My Spiritual Bank Account
Before coming into Alcoholics Anonymous I was a spiritually bankrupt, hopeless alcoholic. I was a truly self–centred, selfish human being. I took from everyone including family, friends and loved ones and was incapable of giving anything back. Like it says in the big book, “selfishness, self–centeredness! That, we think, is the root of our troubles.”
I remember walking into my first meeting at what was later to become my home group and hearing that if I’m to recover from my alcoholism I would need to get a sponsor and work the twelve steps. I asked someone to sponsor me and he quickly got me doing certain actions early on that really started to help me. One of these actions was to get involved with service work within my home group. I hated it at first!
My service work in AA started off with me being a greeter/cleaner. This involved getting to my home group early and standing at the main entrance and welcoming all who came into the meeting. It also involved making sure newcomers where given a tea or coffee and where introduced to a home group member. Also, at the end of the meeting it involved getting a dustpan and brush and sweeping up all of the cigarette ends left outside the meeting place. I remember thinking “how does this help me get sober?” It was at this point I got my first resentment with my sponsor.
I have felt like giving up on service work many times. My alcoholism telling me “they are all using you, they are all in that meeting right now laughing at you for doing all this hard work for free.” But, with the right encouragement from my sponsor and the other established members of my home group, I persevered. I kept getting told such things as “service work will keep you sober” and “service work will keep you in the centre of AA where you are safest” and now, after over 27 months sober, I’m saying the same things to newcomers.
I have been involved in many different types of service work. Within my home group I have gone from greeter/cleaner, tea server, and onto my current position of AA literature sales person. I am also involved with many different types of service work outside of my home group such as court service, where I attend the local magistrates court for two hours and try to help alcoholics there, treatment centre and day service talks where I share my experience, strength and hope with the people attending these places, I spend one night a week every three weeks on the national AA helpline, and I have manned a stand at the local hospital on a couple of occasions.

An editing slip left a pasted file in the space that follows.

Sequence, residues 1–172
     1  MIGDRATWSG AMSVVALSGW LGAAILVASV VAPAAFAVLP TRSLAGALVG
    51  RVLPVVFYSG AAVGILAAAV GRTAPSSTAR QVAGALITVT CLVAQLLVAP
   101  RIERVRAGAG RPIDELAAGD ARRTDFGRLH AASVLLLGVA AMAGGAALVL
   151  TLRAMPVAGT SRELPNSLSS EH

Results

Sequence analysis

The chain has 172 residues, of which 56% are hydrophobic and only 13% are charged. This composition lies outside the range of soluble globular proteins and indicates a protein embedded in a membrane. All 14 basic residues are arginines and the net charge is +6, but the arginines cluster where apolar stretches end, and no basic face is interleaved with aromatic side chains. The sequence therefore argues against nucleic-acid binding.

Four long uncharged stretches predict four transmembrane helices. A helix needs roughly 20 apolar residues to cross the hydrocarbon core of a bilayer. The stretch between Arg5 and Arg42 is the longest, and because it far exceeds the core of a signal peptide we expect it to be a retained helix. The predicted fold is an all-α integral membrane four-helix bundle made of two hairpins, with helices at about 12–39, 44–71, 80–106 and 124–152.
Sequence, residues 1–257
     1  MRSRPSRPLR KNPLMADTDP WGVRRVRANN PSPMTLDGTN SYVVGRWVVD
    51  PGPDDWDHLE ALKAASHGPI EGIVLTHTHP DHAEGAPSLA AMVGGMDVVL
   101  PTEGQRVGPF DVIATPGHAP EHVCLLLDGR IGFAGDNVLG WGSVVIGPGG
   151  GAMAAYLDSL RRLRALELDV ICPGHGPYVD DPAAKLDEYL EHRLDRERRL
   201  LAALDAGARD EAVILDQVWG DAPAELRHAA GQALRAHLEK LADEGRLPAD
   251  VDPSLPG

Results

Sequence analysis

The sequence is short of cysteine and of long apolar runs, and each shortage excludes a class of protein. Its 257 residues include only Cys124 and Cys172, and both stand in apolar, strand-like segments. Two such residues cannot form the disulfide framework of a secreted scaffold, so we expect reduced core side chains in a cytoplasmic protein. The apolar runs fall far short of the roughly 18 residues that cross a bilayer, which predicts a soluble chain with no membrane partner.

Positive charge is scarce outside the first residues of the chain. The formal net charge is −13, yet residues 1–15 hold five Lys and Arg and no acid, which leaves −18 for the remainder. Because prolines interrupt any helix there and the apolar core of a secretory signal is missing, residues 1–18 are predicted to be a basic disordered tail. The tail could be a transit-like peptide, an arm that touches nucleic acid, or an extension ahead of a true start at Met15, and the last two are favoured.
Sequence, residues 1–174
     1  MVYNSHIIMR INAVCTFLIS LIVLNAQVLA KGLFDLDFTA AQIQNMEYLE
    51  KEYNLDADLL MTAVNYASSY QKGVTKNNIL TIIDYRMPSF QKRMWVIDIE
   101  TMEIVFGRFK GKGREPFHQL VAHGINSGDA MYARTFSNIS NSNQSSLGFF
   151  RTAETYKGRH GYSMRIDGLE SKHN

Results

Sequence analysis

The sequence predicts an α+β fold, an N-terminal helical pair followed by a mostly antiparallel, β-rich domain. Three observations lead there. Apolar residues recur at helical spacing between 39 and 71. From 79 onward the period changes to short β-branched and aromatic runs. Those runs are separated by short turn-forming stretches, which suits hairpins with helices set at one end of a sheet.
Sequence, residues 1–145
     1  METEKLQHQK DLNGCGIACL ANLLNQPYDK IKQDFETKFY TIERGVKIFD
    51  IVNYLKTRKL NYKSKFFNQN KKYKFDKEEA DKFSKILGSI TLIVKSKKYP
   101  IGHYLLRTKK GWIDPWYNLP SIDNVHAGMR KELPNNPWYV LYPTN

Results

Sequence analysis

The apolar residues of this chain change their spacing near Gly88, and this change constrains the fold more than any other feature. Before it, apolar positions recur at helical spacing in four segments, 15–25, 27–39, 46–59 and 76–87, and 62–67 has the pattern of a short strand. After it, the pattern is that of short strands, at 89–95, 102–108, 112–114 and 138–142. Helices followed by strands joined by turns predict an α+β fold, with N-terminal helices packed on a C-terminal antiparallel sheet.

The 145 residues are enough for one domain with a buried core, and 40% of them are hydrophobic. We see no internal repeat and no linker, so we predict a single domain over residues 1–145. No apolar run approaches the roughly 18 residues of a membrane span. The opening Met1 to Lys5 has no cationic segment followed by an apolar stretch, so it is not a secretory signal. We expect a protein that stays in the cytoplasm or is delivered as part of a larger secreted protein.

Doing all these different types of service work has given me a lot. I have got to meet many new people in and out of AA, it takes me out of myself and allows me to think of others and teaches me how to act selflessly when my natural default setting as an alcoholic is to be selfish. For me and my own sobriety this is vital and for the first time in a very long time I am actually being useful. I may not get paid money for the time I give to service work, I don’t even get a T–shirt for it, and at first this really bothered me but today I know that what I get back is much more valuable than money or clothes. I believe that in a spiritual way I do get a payment of sorts. I believe that this payment goes into a spiritual bank account and when I am facing trials and low spots on my road to recovery I am able to withdraw from this spiritual bank account to help maintain my sobriety. So, to make sure I always have a healthy balance in my spiritual bank account I follow a few simple rules, such as, I never say no to service unless I absolutely have to, I always give service work 110%, and I am always grateful for the service work I do.
There are still many different types of service work in AA I am yet to experience and I look forward to hopefully participating in as many of these roles as possible one day. Luckily my home group as a whole is very active within all levels of service work so the opportunities for me are vast. I am very thankful that my sponsor got me involved with service work right at the start of my journey and any resentment I may have acquired in my early days has been replaced with a healthy feeling of gratitude.